Science calls for wildlife to be protected from human animal diseases
2022/10/10 Agirre Ruiz de Arkaute, Aitziber - Elhuyar Zientzia Iturria: Elhuyar aldizkaria
Science magazine dedicated its October 8 editorial to the catastrophe livestock diseases can cause in wild animals. In fact, last summer, marine birds in Europe, Africa and North America have endured the highest rate of all time, as a result of the destruction of their breeding colonies by the avian influenza virus.
Scientists continue to warn about the problems that new viruses and diseases produced in industrial livestock farms can cause in wild birds. They transmit many diseases and many species are damaged. In this case, HPAI was created in 1996, in China, when the common LPAI virus mutated in industrial farms, and in 2005 spread to wildlife. Since 2021, it has remained constant throughout the year in European wild sea birds, and this year it has spread especially among marine birds of reproductive age in France, Norway, the United Kingdom, South Africa and Canada.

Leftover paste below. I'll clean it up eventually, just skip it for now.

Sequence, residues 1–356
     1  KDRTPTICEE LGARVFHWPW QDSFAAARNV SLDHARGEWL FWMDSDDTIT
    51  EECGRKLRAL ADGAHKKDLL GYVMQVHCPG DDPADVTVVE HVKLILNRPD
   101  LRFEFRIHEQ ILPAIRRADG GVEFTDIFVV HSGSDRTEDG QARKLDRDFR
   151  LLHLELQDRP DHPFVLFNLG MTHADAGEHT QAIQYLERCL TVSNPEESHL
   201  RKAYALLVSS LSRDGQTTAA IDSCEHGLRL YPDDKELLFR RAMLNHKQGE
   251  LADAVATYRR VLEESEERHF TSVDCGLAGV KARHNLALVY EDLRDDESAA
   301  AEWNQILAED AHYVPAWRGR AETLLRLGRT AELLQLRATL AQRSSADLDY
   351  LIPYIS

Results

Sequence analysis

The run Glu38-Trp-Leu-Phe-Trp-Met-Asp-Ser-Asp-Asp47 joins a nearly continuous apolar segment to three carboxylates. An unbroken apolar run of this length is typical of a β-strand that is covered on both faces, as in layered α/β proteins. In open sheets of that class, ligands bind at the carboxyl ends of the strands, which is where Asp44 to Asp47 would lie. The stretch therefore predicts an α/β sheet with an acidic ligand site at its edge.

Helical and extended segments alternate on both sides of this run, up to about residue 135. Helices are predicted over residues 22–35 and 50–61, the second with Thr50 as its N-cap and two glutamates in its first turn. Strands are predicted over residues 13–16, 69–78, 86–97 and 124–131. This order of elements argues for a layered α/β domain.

They remember that the source of the problem is the huge populations of animals growing in industrial nurseries. Every year, 36 billion birds, 953 million pigs and 1.6 billion cows grow. These immense animal populations, connected through trade, behave like a global reservoir of infectious diseases, in danger of transformation and expansion into wildlife. Aware of gravity, scientists point out that States must take responsibility for protecting wildlife from anthropogenic diseases.
It is that the Member States view livestock diseases as a mere economic problem and, in any case, as a problem that can compromise human health. But they do not take into account the catastrophe that can affect wildlife and biodiversity. They call for concrete action: reducing the size of industrial crops and reducing animal density, limiting transport between crops and minimal relation of livestock to related wild species. They recall that states must be carried out by law.